Question of the Week
Carl J. Anderson
Simi Valley, California
I have always said, "Start with a good female, as you can breed to any dog in the country."
Mark Francis Jaeger
I'll go back to what I heard from Julie Gasow (Salilyn Springers) back in 1977: Get the best bitch you can afford, and start from there. With our Brussels Griffons, that was Ch. Wisselwood Nasturtium, to whom Anne Rogers Clark gave BOS at the 1989 ABGA National Specialty. Her first litter for us produced the multiple-group winner Ch. Wisselwood Karma Disk Jockey (coincidentally, the first black smooth champion), and our breeding program based on her has kept us very competitive for the last three decades.
Janice M. Leonard
Absolutely! Bitches of very good breed type, sound bodies and minds, and good mothers are priceless.
I was taught early that bitches are the backbone of any breeding program.
If you obtain the best bitches possible, you will have your choice of stud dogs to breed from. Conversely, you can have a great stud dog, but you are still at the mercy of those same bitch owners to use your sire.
Brookville, New York
A good breeding bitch is like money in the bank. I’ve had many bitches that I’ve counted on to produce good litters. The trick is to make certain the bitch gets bred to the right stud dog. Going way back in my line, one of my girls still holds the record of top brood bitch with ten champions to her credit. I’m a firm believer in line breeding whenever possible but look for a common ancestor when I have to go out of my line. In a breeding of that sort, I’ll hopefully have a bitch to select so that girl can be bred back into my line. A number of my girls are top Norfolk, but what they have produced in the whelping box is what it’s all about.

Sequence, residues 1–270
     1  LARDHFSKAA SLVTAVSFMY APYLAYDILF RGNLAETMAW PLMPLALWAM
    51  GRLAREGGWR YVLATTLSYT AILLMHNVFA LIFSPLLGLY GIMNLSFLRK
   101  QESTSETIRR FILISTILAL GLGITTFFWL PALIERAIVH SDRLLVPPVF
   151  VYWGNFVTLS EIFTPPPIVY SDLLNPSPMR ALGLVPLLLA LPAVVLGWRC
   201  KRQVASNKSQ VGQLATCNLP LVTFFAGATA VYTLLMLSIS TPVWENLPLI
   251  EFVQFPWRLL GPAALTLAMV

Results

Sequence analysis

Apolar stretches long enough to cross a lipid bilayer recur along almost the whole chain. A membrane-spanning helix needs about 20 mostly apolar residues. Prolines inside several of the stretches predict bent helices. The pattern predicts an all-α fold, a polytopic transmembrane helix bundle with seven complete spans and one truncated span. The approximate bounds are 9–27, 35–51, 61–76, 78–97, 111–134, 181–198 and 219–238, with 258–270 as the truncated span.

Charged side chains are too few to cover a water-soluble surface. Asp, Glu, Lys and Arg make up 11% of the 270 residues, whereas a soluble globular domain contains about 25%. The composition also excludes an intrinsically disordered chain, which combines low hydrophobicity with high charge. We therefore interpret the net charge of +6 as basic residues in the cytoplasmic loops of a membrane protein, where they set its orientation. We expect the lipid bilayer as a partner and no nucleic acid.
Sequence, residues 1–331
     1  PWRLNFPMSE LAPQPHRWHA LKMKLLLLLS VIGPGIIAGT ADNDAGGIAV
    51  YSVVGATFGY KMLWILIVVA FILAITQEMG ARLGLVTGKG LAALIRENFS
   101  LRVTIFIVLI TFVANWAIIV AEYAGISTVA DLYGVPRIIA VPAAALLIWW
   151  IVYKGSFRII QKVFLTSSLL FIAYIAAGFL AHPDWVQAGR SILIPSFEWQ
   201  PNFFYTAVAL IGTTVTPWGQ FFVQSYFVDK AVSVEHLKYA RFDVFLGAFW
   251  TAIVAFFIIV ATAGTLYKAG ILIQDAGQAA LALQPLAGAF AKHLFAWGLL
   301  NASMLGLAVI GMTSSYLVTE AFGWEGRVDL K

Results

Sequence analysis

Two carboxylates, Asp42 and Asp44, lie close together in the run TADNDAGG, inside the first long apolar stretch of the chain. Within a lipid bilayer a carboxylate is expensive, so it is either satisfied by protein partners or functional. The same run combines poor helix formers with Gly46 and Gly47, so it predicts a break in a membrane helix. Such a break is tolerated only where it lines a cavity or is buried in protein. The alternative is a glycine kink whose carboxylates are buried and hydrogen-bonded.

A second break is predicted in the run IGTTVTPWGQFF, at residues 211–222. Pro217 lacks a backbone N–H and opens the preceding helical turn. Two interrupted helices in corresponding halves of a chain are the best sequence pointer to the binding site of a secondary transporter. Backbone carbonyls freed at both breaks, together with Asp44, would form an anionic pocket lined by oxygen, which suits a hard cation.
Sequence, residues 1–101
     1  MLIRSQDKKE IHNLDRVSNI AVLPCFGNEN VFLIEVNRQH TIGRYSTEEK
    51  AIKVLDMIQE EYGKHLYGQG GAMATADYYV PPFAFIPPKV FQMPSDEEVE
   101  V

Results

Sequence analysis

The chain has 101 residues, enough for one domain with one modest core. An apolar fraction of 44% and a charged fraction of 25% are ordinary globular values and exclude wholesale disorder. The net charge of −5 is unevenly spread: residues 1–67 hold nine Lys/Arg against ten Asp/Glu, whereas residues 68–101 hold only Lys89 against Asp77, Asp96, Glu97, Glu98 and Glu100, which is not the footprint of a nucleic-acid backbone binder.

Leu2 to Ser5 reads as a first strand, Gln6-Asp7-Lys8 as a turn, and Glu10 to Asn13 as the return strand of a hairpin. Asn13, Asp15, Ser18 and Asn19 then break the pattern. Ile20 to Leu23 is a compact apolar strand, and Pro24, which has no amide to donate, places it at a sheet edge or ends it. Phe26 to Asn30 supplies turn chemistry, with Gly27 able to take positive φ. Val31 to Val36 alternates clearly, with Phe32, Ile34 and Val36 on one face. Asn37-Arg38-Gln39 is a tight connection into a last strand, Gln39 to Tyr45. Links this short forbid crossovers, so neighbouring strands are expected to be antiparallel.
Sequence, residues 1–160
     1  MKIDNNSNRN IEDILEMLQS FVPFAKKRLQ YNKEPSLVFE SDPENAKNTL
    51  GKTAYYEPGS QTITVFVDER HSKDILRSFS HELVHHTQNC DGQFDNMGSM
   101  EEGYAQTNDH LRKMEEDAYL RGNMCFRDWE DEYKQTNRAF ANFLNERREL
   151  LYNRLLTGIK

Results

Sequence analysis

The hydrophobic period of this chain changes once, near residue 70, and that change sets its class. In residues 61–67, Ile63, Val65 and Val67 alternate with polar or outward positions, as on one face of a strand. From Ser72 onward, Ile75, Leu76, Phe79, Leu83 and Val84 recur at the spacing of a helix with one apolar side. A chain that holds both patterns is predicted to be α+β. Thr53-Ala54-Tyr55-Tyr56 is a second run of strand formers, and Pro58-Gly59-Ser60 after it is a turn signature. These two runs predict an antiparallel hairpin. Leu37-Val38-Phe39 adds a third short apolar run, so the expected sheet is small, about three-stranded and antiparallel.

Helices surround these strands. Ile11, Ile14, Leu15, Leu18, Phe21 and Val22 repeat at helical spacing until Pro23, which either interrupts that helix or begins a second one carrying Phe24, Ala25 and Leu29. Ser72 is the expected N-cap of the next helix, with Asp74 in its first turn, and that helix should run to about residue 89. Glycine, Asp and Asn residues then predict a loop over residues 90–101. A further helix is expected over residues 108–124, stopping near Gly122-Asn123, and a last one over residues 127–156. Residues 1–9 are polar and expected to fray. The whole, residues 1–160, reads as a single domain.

Maple Park, Illinois
No doubt about it. You can go anywhere for a stud. The bitches are the ones that carry your lines ...
Knowing about the dog’s mother is so important. I always thought puppies brought forward their grandparents. And then watching what that dog produces — “Papa Dog is lovely, but where are all those short-legged, thick-necked puppies coming from??"
West Bend, Wisconsin
That has been my experience, precisely. My foundation Bedlington was a bitch from the Willow Wind line. She was bred three times to three different males. With careful puppy selection and occasional input from males owned by other breeders, I was able to establish a solid, prepotent line of dogs that carried forward the greatness of the original Willow Wind and Tamarack foundation. My First Class Bedlingtons are a reflection of the quality that came before them, and it all started with one great bitch.
Temple City, California
Oh, absolutely! The value of a great bitch is everything. I began my white Miniature Poodle breeding program with a single bitch, “Dressy” (Ch. Durandel Dress Me Up). I bred her four times to four different dogs while keeping a bitch from each litter and one son throughout the years. Those bitches in turn were also wonderful producers. But the real icing on the cake is that Dressy had such exquisite breed type, which she passed on to each generation. My last special Kendall could have been her twin more than 20 years later. It is so inspiring to see how important Dressy was, and is still relevant in my dogs today.
Wesley Chapel, Florida
Well, it takes two to tango! Thus, reputation can be built on the success of a stud dog. Currently I co-own a male German Shorthaired Pointer who has sired more than 50 champions. He has produced many quality dogs with great successes. However, it is only the bitch owner who selects a dog for breeding each time. It allows for the crafting of a litter with a lot of potential. The puppies produced from these females carry the banner of a kennel. So you must have the girls to make decisions about litters, to establish your ability to produce good dogs and create your place in your breed.
Setauket, New York
Absolutely correct! You breed to stud dogs that belong to others, but your bitch line is the heart and soul of your kennel.
I never breed to a stud dog whose dam and granddam I don't love.